MONDAY NOTES

  • Pro Football Weekly said in its "NFC Whispers" column that Visanthe Shiancoe's agent Drew Rosenhaus has been talking with the Vikings about a contract extension. Shank is under contract for two more years and, according to PFW, "we hear" Shiancoe would like to be paid among the top five tight ends in the league – a pretty exclusive neighborhood in the range of $5-7 million a year. Shiancoe switched agents a few months ago to hire Rosenhaus, who has several Vikings clients in his management stable.

  • The NFL's official website has weighed in on the NFC North race and columnist Vic Carucci is predicting hard times for the Vikings and the Saints. He picks both of them (along with Arizona) not to repeat as division champs. He has the Packers beating out the Vikings and Atlanta topping the Saints, leaving the teams from January's NFC Championship Game battling for the two wild card positions.

  • Adrian Peterson hosted a two-day youth football camp in Norman, Okla. that had more than 450 kids taking part in the camp.

  • NFL rookies are spending the next three days at the NFL's annual rookie symposium at the La Costa resort in Carslbad, Calif. The symposium got underway Sunday night with a one-hour speech from Commissioner Roger Goodell. The commissioner told the players that there is responsibility with being an NFL player and personal conduct is important to them – now and throughout their careers. Goodell also addressed the increased measures to address injuries. He tied the two issues together, saying his job was "to protect the integrity of the NFL and to make sure the game is as safe as possible." Only three drafted rookies aren't at the symposium, but one of them (New York Giants safety Chad Jones), couldn't attend after suffering what may be a career-ending injury in a car accident in New Orleans. Goodell spoke with Jones Sunday at the hospital where he is beginning the recovery process.

  • NFL Network will unveil its countdown of the 10 best regular-season games of 2009. They are letting fans pick the order of the top five, two of which are Vikings games. Two of the five nominees fans can vote for are the 27-24 Vikings win over San Francisco and their 36-30 overtime loss at Chicago in Week 16. The other nominees are the Colts 35-34 win over New England in Week 10, the "Game Nobody Ever Saw" – a 38-37 win by Detroit over Cleveland in Week 11 – and the Steelers 37-36 win over Green Bay in Week 15. Considering that four of the top five games all involved the NFC North and all four teams are involved in the voting, perhaps the division will get a little more credit than it has the last couple of years for having some quality teams in it.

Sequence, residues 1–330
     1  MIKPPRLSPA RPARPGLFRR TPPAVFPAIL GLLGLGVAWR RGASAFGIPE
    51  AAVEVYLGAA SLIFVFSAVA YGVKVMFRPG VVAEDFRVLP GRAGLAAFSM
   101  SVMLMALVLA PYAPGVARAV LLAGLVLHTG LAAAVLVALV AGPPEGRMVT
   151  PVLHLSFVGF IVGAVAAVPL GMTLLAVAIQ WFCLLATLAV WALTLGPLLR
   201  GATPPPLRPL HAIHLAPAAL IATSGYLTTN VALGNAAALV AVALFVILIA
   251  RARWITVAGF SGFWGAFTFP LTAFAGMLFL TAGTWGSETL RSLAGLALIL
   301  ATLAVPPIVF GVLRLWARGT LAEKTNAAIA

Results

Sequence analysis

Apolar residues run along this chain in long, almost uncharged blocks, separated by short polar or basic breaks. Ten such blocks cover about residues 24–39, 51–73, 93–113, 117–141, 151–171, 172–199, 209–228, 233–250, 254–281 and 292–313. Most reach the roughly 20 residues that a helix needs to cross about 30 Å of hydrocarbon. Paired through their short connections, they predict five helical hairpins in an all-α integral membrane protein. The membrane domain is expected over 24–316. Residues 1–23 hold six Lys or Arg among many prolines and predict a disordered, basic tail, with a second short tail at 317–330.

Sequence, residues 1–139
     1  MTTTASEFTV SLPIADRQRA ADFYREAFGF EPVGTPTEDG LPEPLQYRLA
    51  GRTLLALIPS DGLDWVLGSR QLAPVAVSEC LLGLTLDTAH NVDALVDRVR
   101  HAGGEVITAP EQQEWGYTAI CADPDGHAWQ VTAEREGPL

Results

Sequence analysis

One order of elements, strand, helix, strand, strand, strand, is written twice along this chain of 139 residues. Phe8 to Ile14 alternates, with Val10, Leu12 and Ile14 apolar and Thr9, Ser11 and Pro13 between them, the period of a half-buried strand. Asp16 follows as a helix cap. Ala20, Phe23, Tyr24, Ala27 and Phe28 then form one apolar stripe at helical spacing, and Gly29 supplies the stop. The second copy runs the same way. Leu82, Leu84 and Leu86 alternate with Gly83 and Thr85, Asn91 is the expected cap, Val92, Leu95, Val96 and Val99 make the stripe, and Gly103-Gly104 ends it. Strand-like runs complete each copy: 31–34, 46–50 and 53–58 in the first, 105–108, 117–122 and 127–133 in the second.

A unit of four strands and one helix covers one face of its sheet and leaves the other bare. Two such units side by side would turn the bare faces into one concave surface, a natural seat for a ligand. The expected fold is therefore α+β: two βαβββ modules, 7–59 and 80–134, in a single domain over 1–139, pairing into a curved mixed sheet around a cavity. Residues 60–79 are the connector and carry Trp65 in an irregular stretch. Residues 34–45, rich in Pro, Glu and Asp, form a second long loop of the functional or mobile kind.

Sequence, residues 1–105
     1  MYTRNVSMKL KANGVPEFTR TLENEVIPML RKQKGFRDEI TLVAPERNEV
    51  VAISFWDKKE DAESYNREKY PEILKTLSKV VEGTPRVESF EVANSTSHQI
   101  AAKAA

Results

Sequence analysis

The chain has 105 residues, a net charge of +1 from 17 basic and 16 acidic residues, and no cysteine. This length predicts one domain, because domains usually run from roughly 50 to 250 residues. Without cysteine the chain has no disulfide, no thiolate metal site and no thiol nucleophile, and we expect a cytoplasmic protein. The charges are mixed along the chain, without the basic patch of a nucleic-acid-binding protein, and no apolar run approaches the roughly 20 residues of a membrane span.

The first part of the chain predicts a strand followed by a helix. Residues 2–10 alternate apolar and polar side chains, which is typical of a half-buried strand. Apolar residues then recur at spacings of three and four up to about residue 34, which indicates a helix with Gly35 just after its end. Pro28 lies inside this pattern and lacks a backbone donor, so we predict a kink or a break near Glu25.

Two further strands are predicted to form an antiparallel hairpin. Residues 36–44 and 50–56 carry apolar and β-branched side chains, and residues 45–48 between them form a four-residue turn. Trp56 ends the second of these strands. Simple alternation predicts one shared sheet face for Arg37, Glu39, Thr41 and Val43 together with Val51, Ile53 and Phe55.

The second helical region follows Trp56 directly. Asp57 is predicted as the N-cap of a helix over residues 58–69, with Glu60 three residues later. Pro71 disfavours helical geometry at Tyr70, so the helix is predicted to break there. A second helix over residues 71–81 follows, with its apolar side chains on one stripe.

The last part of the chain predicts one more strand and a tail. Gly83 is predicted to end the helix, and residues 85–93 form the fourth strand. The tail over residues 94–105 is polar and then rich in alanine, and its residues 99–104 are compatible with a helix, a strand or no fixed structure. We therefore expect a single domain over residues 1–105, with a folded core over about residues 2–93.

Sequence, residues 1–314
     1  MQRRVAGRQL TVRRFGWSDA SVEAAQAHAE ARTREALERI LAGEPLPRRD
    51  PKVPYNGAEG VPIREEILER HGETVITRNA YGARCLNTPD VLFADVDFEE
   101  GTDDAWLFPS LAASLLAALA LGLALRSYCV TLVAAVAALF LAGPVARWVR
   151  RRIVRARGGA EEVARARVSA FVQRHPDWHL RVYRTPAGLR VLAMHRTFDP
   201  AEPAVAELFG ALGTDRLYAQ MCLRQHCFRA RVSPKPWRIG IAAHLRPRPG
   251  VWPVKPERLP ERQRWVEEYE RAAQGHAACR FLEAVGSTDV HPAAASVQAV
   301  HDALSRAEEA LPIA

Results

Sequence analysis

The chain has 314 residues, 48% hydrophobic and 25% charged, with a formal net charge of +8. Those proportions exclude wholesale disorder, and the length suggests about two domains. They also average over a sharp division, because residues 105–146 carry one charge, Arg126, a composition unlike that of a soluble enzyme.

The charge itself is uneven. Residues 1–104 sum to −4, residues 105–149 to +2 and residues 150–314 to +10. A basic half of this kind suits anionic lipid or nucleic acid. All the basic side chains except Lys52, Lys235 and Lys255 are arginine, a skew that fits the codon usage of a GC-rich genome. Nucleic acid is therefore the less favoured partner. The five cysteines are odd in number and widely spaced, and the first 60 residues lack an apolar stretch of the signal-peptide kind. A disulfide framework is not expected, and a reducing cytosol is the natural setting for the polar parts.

• Former Cowboys chant-icon Darryl "Moose" Johnston did a radio interview in Dallas in which he was asked, "It's late June and assuming Favre is coming back, because he will come back, the two best teams in the NFC right now?" Johnston was short and sweet, saying just "Dallas and Minnesota." When asked why New Orleans wasn't in the mix, Johnston said, "Minnesota is you don't turn the ball over six times, you win that game."


    John Holler has been writing about the Vikings for more than a decade for Viking Update. Follow Viking Update on Twitter and discuss this topic on our message boards. To become a subscriber to the Viking Update web site or magazine, click here.